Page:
Artist Eric Joyner enjoyed a rather uneventful childhood in the rather unremarkable town of San Mateo, California, in the 1970s. Like many kids of that time, he enjoyed reading comics, playing sports, and making gunpowder… yes, gunpowder. Remember, this was the 1970s and kids were doing all sorts of dangerous things back then, and nobody ever blinked an eye.
And, as if guided by the unseen hand of an all-knowing consciousness (but probably not Jesus), during his very young life, Joyner was taken to a Van Gogh exhibit at the de Young Museum in San Francisco. This experience greatly impressed the child, and he soon began taking painting lessons with his older sister.After high school, Joyner attended the Academy of Art in San Francisco. Later, under the influential teaching of Francis Livingston, Kazuhiko Sano, Bill Sanchez, and Robert Hunt, his work greatly improved and he began to work professionally as an artist.
For the next decade, Joyner was a hired gun for various publishers, high-tech companies, and advertising agencies; he also was a digital animator, and provided other artistic services for a variety of companies, before rediscovering his original love of drawing and painting, and returning to that medium.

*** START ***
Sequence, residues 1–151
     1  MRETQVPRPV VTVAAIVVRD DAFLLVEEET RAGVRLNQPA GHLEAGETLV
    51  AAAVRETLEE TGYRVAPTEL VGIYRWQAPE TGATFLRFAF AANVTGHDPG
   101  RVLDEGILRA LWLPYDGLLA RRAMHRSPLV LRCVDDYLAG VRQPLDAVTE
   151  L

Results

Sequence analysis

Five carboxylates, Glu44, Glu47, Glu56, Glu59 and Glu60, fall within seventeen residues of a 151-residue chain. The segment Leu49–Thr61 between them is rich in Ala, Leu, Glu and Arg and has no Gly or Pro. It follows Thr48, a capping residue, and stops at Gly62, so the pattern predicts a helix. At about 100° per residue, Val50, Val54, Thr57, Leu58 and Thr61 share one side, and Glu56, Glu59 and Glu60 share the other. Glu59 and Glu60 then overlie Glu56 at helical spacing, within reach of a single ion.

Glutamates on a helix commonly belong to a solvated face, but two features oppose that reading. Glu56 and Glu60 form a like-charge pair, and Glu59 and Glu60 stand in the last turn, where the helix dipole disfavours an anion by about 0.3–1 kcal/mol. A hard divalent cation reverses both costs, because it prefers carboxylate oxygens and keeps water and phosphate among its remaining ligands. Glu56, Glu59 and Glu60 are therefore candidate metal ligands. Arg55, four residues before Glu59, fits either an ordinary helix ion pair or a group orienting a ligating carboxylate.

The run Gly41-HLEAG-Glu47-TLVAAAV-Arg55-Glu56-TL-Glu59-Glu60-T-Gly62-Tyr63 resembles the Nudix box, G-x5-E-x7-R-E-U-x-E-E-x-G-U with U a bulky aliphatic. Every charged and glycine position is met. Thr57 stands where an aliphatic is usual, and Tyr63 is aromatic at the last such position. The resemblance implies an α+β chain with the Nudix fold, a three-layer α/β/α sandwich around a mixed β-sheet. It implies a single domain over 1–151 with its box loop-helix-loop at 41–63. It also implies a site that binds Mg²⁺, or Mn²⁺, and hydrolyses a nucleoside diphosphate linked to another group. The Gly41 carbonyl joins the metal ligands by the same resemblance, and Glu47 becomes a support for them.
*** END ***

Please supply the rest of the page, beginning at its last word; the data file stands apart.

In 1999, Joyner began entering his paintings into various juried shows in the Bay Area. With his efforts well received, Joyner was inspired to focus his paintings only on subjects he truly enjoyed, eventually shifting the majority of his focus to Japanese robots in settings appropriate to their nature, namely outer space.
It was in 2002 that Joyner realized that his lusciously rendered protagonists might need something to contend with… perhaps, a nemesis. Shortly thereafter, while watching the movie Pleasantville, in which Jeff Daniels’ character paints a still-life of donuts, Joyner’s ultimate vision took shape. With thoughts of donut inventor Wayne Thiebald’s miraculous pastries always close at hand, it wasn’t difficult for Joyner to envision a battle scene of robots retreating from 300-foot-tall donuts. The rest is history.